Abstract Intensive-care clinicians are presented with large quantities of measurements from multiple monitoring systems. The limited ability of humans to process complex information hinders early recognition of patient deterioration, and high numbers of monitoring alarms lead to alarm fatigue. We used machine learning to develop an early-warning system that integrates measurements from multiple organ systems using a high-resolution database with 240 patient-years of data. It predicts 90% of circulatory-failure events in the test set, with 82% identified more than 2 h in advance, resulting in an area under the receiver operating characteristic curve of 0.94 and an area under the precision-recall curve of 0.63. On average, the system raises 0.05 alarms per patient and hour. The model was externally validated in an independent patient cohort. Our model provides early identification of patients at risk for circulatory failure with a much lower false-alarm rate than conventional threshold-based systems.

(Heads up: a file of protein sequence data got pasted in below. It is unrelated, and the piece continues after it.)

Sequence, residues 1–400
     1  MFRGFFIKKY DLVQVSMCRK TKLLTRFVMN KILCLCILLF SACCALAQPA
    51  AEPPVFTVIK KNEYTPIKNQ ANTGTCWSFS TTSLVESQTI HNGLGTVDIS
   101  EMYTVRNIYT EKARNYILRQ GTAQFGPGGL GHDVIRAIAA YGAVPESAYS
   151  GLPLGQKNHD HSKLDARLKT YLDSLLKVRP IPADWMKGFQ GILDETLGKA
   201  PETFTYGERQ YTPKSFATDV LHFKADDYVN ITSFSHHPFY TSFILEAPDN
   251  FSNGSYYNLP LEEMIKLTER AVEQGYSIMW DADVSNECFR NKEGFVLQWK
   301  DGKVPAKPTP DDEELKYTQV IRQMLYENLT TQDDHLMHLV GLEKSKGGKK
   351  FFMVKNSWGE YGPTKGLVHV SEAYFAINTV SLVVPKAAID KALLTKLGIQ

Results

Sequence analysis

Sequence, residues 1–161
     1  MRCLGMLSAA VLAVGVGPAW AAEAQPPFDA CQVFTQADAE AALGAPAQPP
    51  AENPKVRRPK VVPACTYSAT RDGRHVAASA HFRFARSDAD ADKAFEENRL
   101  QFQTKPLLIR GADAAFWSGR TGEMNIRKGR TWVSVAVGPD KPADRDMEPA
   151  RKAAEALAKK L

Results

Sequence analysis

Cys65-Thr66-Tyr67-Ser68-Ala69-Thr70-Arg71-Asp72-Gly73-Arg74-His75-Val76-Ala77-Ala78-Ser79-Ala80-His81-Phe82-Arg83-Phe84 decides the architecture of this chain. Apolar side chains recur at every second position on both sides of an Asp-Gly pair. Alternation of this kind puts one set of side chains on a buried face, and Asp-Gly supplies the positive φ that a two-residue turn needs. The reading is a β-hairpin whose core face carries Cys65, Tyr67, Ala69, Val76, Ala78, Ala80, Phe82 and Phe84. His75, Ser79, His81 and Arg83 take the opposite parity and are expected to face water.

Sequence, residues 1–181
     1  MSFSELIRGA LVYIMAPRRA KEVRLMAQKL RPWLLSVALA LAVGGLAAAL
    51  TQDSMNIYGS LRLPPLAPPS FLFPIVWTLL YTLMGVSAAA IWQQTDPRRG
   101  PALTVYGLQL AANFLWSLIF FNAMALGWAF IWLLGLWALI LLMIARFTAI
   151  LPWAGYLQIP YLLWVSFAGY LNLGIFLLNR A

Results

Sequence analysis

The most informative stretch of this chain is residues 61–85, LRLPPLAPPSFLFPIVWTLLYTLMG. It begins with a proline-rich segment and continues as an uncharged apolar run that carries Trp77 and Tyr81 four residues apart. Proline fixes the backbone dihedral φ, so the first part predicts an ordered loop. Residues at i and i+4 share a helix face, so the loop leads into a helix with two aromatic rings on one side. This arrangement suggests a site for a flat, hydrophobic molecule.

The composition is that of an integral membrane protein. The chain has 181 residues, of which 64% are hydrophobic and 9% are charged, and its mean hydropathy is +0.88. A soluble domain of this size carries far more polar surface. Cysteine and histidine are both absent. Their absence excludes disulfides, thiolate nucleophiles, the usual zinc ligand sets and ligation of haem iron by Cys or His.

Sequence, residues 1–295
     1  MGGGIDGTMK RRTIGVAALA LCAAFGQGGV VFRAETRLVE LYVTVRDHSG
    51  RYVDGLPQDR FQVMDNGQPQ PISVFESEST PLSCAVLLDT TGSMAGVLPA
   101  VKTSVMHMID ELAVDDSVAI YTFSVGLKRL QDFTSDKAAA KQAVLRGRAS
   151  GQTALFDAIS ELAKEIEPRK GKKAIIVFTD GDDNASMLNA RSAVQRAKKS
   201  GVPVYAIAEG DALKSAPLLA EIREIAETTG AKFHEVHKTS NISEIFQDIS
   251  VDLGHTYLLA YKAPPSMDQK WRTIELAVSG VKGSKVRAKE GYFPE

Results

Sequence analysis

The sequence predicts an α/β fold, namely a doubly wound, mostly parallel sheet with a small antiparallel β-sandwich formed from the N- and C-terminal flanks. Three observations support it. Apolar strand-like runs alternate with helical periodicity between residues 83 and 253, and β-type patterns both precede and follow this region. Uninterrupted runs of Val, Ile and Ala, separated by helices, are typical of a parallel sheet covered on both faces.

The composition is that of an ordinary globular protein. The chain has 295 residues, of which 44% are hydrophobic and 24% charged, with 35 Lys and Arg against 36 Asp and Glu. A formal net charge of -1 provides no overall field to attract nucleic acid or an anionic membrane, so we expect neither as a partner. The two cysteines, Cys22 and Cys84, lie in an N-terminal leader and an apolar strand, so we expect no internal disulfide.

This research was largely funded by the Swiss National Science Foundation.